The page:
Aging chimps show social selectivity

No new friends and no drama.

When humans age, they tend to favor small circles of meaningful, established friendships rather than seek new ones, and to lean toward positive relationships rather than ones that bring tension or conflict. These behaviors were thought to be unique to humans but it turns out chimpanzees, one of our closest living relatives, have these traits, too. Understanding why can help scientists gain a better picture of what healthy aging should look like and what triggers this social change.

The work is described in the Oct. 23 issue of the journal Science and is authored by a team of psychologists and primatologists, including current and former researchers from the Harvard Department of Human Evolutionary Biology.

The study draws on 78,000 hours of observations, made between 1995 and 2016. It looked at the social interactions of 21 male chimpanzees between 15 and 58 years old in the Kibale National Park in Uganda. It shows what’s believed to be the first evidence of nonhuman animals deliberately selecting who they socialize with during aging.

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The researchers looked only at male chimpanzees because they show stronger social bonds and have more frequent social interactions than female chimps. Analyzing a trove of data, the researchers saw that the chimpanzees displayed much of the same behavior aging humans exhibit.

The older chimpanzees they studied, for instance, had on average more mutual friendships while younger chimps had more one-sided relationships. Mutual friendships are characterized by behavior such as reciprocated grooming whereas in lopsided friendships grooming isn’t always returned.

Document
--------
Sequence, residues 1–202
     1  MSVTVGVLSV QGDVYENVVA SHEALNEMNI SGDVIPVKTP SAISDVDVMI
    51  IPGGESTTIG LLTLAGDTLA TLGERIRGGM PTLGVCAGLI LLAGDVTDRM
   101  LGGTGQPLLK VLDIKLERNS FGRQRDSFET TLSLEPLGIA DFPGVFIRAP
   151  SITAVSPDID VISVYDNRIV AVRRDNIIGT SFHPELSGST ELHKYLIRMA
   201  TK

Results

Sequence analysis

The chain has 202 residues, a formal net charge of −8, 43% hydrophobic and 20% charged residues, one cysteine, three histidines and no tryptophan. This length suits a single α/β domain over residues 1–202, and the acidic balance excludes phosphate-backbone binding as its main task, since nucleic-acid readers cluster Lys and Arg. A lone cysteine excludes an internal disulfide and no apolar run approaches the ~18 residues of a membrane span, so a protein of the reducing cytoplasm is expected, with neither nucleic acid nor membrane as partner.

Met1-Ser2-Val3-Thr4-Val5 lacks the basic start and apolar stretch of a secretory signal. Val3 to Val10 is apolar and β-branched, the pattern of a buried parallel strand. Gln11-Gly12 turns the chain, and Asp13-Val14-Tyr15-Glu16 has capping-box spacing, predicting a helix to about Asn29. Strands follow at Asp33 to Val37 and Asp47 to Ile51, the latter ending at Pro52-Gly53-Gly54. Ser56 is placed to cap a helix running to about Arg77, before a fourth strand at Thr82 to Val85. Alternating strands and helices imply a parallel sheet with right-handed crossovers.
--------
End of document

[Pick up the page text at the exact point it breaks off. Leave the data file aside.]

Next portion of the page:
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Older males were also more likely to spend more time alone and showed a preference for interacting with — and grooming — chimps they deemed to be more important social partners, like other aging chimps or their mutual friends. And like older humans looking for some peace and quiet, the chimpanzees showed a shift from negative to more positive interactions as they reached their twilight years. The preference is known as a positivity bias.

Harvard Gazette

Journal Reference

Social selectivity in aging wild chimpanzees

Humans prioritize close, positive relationships during aging, and socioemotional selectivity theory proposes that this shift causally depends on capacities for thinking about personal future time horizons. To examine this theory, we tested for key elements of human social aging in longitudinal data on wild chimpanzees.

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Aging male chimpanzees have more mutual friendships characterized by high, equitable investment, whereas younger males have more one-sided relationships. Older males are more likely to be alone, but they also socialize more with important social partners.

Further, males show a relative shift from more agonistic interactions to more positive, affiliative interactions over their life span. Our findings indicate that social selectivity can emerge in the absence of complex future-oriented cognition, and they provide an evolutionary context for patterns of social aging in humans.

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